January 6, 2021, the day the US Capitol was stormed in Washington by fanatical Trump supporters, has an impact. As the new government begins its work, law enforcement agencies are not alone in processing the images of the mob that raged there. Numerous online laypeople are also systematically trying to identify the perpetrators and hold them accountable. The central organ of the search is – as I said, only among others – an Instagram account with the name “homegrownterrorists”. It is now subscribed to by almost 400,000 users.
Here possible identities are rumored, names are compiled and linked to faces. The results of the private research are then either forwarded to the police or published online without further scruples. In some cases, the detective work is not that difficult. After all, the would-be insurgents sometimes screamed their name, job and place of residence into the running smartphone cameras during their riot. A Texas real estate agent even took the opportunity to advertise her company.
Does the Good End Really Justify All Means?
This practice of putting offline identities online is called Doxxing. On the rankings for civilized online behavior, it is generally sorted into the bottom drawer; it is hardly less bad than cyber bullying. But after all, this is about a good cause, isn’t it? So is there such a thing as ethical misconduct? A heated debate has broken out in the community of internet extremism researchers around this question.
Ultimately, it comes down to the very old question of whether the end justifies all means. While one camp points out that there must be limits here too, the second part invokes the moral responsibility to expose enemies of civil society. It goes without saying, however, that verification should be carried out with absolute conscientiousness.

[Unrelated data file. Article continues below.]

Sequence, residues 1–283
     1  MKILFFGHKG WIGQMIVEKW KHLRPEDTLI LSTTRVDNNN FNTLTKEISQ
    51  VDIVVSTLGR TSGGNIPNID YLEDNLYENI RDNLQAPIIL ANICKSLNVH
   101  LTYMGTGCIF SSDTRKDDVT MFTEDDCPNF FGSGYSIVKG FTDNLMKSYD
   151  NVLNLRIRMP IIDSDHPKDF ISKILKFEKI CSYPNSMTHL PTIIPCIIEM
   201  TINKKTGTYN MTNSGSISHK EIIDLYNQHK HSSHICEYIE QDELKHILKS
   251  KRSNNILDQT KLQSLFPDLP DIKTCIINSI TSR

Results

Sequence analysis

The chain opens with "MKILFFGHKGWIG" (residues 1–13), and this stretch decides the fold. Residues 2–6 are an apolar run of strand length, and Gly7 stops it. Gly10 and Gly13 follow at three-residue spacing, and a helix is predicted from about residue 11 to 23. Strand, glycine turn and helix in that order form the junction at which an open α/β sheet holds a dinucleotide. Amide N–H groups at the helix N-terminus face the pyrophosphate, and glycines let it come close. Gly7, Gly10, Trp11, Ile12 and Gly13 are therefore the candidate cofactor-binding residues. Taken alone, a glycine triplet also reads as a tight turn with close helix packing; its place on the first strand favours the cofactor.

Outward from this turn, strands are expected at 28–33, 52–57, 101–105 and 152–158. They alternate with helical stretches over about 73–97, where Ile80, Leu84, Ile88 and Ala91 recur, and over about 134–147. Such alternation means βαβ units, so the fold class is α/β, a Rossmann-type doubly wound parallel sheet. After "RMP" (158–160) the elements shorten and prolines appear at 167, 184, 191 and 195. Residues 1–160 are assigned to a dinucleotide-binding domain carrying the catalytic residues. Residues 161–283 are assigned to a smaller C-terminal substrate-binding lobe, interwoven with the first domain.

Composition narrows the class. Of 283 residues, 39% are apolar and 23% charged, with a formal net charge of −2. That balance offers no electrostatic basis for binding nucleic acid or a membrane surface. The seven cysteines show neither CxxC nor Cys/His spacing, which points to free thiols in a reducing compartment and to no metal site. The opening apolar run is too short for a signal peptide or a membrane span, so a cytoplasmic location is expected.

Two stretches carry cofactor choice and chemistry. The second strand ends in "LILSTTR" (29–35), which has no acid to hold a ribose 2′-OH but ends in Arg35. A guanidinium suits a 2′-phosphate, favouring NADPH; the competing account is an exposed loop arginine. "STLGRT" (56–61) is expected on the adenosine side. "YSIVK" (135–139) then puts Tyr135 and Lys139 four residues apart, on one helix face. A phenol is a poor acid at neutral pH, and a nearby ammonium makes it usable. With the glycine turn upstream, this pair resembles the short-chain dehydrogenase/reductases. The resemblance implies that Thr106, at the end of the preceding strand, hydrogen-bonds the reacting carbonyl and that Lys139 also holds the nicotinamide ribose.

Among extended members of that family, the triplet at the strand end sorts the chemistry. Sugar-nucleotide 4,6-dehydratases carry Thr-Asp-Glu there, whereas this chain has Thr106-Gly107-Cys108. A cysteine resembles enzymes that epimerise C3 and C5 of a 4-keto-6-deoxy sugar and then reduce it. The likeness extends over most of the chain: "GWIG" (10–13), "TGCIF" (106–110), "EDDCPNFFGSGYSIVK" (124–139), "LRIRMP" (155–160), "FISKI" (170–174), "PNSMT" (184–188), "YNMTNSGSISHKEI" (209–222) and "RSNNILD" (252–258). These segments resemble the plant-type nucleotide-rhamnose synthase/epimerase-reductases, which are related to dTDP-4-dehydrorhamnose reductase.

But that’s exactly what it seems to be lacking. In any case, the first collateral damage has already been reported. A retired Chicago firefighter, who was celebrating his wife’s birthday during the events, was unjustifiably accused of beating security guards with a fire extinguisher during the riot. “History has ruined my life”, quote him now local media.
After all, it is not the first time Internet users have suspected the wrong people in the name of the law. After the bombing of the Boston Marathon in 2013, people started looking for the perpetrator online. All of the publicly available video recordings were analyzed by numerous Reddit users, and they were soon very sure that they had tracked down the person responsible. All private information of the false suspect was published on the Internet – weeks later the family received death threats. The episode has become the prime example of misguided vigilance.
Doxxing isn’t the only tool from the online poison closet used to confront Trump supporters with the consequences of their actions. The perpetrators should atone financially for their treason. Among other things, the pillow manufacturer “Mypillow”, whose boss Mike Lindell has presented himself as a loyal Trump supporter and die-hard conspiracy theorist, is affected. Lindell spoke at the rally in Washington that led to the storming of the Capitol. Now his products are mercilessly given the lowest ratings in all popular online shops.
This practice is called review bombing, and it is one of the ways in which bystanders get the anger of the crowd. For example, there is a woman who is unlucky enough to not only share her first and last name with the insurgent Trump broker, but also her job. The fact that the second real estate specialist lives and works in Ontario, Canada, only occurred to the Instagram criminologists when her Facebook page was already covered with insults. They apologized in a low voice and moved on.